Neurology

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Residency Programs

The Indiana University School of Medicine Department of Neurology offers two residency programs. The Neurology Residency program accepts eight residents per year. The Child Neurology Residency accepts one resident per year. These are the only neurology and child neurology resident training programs in Indiana.

Neurology Residency

The Neurology Residency at IU School of Medicine is a three-year program that is ACGME-accredited and approved for neurology training. Eight positions are offered and filled each year.

Prior to beginning the Neurology Residency, trainees complete one year of rotations in internal medicine with two months of that year spent with neurology faculty and residents. One month is dedicated to neurobehavioral neurology and neuropsychiatry, and the second month is Brain Camp.

Brian Camp occurs in June of the first post-graduate training year and includes a lecture series in techniques of the neurological examination as well as a lecture series in neurological emergencies. Simulation labs provide hands-on experience in performing lumbar puncture, treating status epilepticus and stroke. Time is set aside for residents to take Step 3 and to shadow the senior resident so that on July 1, each resident is well-prepared to assume the role of neurology resident.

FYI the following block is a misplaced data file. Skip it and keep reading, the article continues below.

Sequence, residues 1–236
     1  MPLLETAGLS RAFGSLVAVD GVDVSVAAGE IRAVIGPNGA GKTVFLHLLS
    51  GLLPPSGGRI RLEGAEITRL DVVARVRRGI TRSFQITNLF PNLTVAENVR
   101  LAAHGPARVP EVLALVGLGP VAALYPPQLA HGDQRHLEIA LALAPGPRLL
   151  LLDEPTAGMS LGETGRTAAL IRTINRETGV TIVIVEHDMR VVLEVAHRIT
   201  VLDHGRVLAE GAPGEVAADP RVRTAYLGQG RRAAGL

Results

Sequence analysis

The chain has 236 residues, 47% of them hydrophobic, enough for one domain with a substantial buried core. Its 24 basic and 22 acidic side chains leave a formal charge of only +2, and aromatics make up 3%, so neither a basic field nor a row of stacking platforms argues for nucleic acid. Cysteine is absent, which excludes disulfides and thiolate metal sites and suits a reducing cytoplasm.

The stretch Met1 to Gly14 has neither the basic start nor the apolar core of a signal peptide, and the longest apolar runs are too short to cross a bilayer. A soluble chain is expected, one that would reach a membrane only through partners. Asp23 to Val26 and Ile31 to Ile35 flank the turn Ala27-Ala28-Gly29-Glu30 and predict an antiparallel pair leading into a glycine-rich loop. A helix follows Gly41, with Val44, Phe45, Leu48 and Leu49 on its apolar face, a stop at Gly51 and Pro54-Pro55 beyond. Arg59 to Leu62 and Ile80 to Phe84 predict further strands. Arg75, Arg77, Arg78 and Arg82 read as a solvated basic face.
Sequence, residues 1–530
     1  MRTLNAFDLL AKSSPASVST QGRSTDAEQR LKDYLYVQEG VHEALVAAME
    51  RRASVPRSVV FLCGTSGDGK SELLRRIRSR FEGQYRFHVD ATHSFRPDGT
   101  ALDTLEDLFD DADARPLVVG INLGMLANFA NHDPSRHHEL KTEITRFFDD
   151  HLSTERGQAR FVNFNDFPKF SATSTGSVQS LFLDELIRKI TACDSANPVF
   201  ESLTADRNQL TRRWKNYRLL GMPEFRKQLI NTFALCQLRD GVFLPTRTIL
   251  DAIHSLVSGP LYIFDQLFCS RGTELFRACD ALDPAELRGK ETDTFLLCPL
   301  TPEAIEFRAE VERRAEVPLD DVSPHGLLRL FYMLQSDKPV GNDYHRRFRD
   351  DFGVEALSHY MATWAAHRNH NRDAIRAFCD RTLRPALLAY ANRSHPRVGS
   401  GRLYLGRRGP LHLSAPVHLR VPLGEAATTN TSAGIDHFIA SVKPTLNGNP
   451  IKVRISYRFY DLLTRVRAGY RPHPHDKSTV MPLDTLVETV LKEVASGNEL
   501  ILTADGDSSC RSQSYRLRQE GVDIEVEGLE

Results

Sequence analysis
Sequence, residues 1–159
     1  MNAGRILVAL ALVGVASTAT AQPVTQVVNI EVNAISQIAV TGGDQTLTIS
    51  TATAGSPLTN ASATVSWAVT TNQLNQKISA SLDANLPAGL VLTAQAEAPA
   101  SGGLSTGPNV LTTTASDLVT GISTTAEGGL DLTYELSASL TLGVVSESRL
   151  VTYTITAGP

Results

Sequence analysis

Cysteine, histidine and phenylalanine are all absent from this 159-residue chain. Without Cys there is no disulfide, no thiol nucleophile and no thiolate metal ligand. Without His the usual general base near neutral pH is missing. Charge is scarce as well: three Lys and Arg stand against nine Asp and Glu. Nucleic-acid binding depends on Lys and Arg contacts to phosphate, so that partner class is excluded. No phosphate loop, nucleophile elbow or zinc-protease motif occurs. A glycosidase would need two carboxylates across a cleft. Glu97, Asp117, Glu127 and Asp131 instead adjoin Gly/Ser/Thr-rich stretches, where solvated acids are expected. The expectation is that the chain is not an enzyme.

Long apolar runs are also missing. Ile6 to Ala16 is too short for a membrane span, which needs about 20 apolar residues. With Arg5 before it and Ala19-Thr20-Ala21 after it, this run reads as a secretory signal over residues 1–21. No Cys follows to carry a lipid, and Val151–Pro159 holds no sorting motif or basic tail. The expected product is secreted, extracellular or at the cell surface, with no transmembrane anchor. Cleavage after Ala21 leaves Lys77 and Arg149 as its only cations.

Program Progression

The first year of the Neurology Residency includes rotations at IU School of Medicine’s partner hospitals in Indianapolis.

  • Two-month rotation at Methodist Hospital on the neurology consultation service
  • Two-month rotation at the Richard Roudebush Veteran’s Affairs Medical Center on the inpatient service
  • Two-month rotation at Eskenazi Hospital on the inpatient consultation service
  • Two-month rotation in child Nnurology at Riley Hospital for Children
  • Six weeks on the VA outpatient rotation, which includes a primer on the interpretation of EEG and EMG as well as exposure to sleep neurology
  • Six-week rotation in the Eskenazi Outpatient Clinic, which includes the Emergency Neurology Clinic
  • A one-month rotation in the Neuroscience Center to include one week of multiple sclerosis, one week of neuromuscular disorders, one week of movement disorders, and one week of neuro-oncology